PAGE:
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A “Proposal” as Extreme as it is Unserious; and Yet it’s Remarkably Similar to Scott Walker’s
While Donald Trump’s comments on immigrants have been mostly been bluster and bigotry, befitting his frontrunner status, he is now venturing into the realm of immigration policy.
It is not pretty.
In an interview with CNN’s Dana Bash yesterday, Trump outlined his approach:
“[D]eport all undocumented immigrants and then allow the ‘good ones’ to reenter the country through an ‘expedited process’ and live in the U.S. legally, though not as citizens.”
Regarding how to implement his mass deportation vision, Trump said:
“Politicians aren’t going to find them [undocumented immigrants] because they have no clue. We will find them, we will get them out … It’s feasible if you know how to manage. Politicians don’t know how to manage.”
So, what are serious policy experts to make of this unserious idea?
Let’s start with the premise. Trump says, in effect, first we round up and deport all 11 million undocumented immigrants, and he will do so because he knows how to manage. This is as extreme as it is ridiculous. There are 11 million undocumented immigrants in America. Two-thirds have lived and worked in America for more than a decade. Most live in families. Many own homes. They are intertwined in families and communities, they are settled and most are going nowhere. The idea that he will round up and deport a population the size of Ohio is un-American, unworkable and unaffordable. Politically, it’s consistent with his racist comments about Mexican immigrants, and it’s more extreme than Mitt Romney’s infamous embrace of “self-deportation.”
But wait. There’s more. Once this mass expulsion is complete, according to Trump, he will set up a process of allowing the “good ones” to re-enter the nation legally. It’s as if he wants his immigration policy to be modeled after one of his beauty pageants or his reality show.
Deep breath. Face palm.
It’s tempting to see Trump as an outlier. But what’s remarkable is that supposedly “serious” GOP contenders aren’t making much more sense on immigration policy. Witness Scott Walker: he says that undocumented immigrants have to leave the country and apply to come back in. While he doesn’t explicitly call for mass deportation, conceptually there’s not much difference between the two plans, both of which call for people to leave the country to apply to come in legally – as if that were feasible and realistic.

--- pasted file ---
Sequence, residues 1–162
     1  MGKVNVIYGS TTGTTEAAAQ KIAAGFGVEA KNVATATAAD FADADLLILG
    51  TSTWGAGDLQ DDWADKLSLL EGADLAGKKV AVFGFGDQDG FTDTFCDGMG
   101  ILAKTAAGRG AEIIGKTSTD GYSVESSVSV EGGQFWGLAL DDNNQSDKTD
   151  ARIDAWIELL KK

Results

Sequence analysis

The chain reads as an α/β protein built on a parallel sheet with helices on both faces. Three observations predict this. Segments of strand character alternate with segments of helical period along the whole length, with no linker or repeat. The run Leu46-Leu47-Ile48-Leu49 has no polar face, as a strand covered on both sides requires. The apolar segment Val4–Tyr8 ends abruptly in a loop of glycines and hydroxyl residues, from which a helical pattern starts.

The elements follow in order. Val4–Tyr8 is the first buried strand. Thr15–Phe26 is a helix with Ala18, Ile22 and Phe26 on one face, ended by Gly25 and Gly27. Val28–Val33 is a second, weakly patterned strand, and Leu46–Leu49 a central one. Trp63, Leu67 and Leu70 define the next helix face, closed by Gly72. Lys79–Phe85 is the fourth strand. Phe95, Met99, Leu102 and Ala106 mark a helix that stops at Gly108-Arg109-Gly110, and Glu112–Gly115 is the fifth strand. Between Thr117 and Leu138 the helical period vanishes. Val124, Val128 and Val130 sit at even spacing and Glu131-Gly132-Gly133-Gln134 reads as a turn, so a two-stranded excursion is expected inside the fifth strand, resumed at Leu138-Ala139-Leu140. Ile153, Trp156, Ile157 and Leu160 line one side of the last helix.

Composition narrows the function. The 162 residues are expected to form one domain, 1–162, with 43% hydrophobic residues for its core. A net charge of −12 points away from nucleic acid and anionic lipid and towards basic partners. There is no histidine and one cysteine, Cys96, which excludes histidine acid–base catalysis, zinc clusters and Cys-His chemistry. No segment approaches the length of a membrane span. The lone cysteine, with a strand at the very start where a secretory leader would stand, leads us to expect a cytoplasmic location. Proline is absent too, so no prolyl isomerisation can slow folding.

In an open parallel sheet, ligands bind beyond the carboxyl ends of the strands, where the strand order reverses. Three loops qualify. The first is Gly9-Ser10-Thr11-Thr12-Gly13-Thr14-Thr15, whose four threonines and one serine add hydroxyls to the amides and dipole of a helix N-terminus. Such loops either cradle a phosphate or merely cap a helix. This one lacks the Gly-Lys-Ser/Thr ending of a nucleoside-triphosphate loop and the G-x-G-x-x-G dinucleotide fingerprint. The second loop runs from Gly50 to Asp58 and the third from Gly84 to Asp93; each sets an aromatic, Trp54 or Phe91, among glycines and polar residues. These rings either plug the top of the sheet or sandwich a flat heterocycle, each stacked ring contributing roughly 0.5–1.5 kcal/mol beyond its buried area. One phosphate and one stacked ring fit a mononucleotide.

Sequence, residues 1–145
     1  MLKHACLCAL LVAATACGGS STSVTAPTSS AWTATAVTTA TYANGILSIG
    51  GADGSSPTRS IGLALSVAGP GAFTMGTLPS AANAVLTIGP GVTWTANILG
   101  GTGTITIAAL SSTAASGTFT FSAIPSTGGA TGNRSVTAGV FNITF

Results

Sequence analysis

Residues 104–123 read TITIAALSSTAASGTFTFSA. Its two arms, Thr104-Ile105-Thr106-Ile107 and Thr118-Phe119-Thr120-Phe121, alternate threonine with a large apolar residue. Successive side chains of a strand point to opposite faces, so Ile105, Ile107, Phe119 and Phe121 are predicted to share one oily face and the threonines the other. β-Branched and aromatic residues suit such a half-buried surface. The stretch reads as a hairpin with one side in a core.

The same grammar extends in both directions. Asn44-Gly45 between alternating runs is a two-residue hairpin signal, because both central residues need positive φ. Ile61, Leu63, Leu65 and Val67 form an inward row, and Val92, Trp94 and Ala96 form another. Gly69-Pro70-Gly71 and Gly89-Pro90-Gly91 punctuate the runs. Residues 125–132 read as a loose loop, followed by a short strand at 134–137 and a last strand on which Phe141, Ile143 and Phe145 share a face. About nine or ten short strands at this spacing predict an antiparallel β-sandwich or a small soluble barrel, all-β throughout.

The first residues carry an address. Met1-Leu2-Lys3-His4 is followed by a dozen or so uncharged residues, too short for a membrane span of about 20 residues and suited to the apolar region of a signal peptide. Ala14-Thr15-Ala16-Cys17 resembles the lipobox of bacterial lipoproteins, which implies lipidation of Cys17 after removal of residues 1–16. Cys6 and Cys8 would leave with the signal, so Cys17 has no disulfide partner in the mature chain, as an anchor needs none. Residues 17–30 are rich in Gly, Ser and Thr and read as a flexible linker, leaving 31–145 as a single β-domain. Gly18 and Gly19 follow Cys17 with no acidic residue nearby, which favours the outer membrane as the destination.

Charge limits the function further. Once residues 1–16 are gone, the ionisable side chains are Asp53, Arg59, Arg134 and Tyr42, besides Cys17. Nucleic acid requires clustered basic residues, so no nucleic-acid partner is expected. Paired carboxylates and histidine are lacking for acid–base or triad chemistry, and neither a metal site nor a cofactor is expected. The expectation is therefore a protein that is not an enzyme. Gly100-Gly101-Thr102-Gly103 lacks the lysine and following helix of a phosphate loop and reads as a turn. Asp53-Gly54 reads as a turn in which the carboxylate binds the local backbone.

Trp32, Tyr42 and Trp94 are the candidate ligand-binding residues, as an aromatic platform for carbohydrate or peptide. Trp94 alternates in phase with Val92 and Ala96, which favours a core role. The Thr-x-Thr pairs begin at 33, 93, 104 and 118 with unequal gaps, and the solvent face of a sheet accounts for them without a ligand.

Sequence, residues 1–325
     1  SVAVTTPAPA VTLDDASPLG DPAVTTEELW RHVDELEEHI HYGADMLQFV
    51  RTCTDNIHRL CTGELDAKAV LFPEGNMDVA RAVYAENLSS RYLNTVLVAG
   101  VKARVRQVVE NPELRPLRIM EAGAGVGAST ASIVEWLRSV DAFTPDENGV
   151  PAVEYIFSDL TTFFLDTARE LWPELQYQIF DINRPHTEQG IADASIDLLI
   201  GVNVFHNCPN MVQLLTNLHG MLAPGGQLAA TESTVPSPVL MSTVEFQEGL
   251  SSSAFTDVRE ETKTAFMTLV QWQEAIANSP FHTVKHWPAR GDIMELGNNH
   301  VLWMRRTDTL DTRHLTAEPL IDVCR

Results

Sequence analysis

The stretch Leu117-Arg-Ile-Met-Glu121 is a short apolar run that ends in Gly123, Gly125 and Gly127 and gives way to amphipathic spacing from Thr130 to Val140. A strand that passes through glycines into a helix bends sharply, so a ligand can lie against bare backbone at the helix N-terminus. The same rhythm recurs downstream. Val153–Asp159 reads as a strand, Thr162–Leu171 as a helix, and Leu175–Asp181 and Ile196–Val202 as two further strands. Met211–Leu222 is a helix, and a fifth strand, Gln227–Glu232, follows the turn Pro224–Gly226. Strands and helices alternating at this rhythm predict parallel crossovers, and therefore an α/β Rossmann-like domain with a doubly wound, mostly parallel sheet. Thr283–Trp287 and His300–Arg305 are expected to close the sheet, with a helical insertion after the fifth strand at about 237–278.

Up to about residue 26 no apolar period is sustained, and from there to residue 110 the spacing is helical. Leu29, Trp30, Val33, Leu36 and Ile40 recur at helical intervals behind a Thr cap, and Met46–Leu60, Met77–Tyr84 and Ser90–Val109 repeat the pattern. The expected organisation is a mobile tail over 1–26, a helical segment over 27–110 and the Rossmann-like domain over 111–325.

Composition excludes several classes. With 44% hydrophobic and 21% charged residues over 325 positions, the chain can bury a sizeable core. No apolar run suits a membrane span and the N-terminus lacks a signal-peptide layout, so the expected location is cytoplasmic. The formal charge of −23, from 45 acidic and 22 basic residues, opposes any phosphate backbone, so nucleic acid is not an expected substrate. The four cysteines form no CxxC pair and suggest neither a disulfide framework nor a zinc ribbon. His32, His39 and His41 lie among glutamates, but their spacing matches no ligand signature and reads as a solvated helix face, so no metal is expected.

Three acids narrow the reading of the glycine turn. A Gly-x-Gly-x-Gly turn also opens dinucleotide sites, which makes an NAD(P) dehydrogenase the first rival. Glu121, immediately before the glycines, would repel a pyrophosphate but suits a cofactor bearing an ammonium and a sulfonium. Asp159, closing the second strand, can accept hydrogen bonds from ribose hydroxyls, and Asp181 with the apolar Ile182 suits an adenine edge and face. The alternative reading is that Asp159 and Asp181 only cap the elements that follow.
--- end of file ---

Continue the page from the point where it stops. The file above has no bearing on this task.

Meanwhile, the rest of the Republican field, Lindsey Graham excepted, is embracing the “secure the border first” excuse for inaction on broader reforms and advancing the false notion that the border is out of control. As America’s Voice outlined in our recent report on 2016 Republicans and immigration, saying the “secure the border first” riff is a coded way to say “comprehensive immigration reform never.” It ignores the tremendous amount of resources already devoted to the border and is at odds with the real facts on the ground regarding border security (see the recent front-page story in the Washington Post by Jerry Markon, which noted that “illegal immigration flows have fallen to their lowest level in at least two decades”). As the Wall Street Journal has editorialized: “Republicans who claim we must ‘secure the border first’ ignore the progress already made because their real goal isn’t border security. It is to use border security as an excuse to kill immigration reform.”
According to Frank Sharry, Executive Director of America’s Voice, “Trump’s so-called plan doesn’t pass the smell test or the laugh test. The notion of forcing 11 million hardworking immigrant families to leave the country is so ugly and unworkable even the anti-immigrant movement has disavowed this radical notion. Now Trump is going there, putting him to the right of Romney’s radical ‘self-deportation’ stance and showing the country generally, and Latino, Asian-American and immigrant voters in particular what the GOP’s frontrunner has in mind for immigration policy in America.”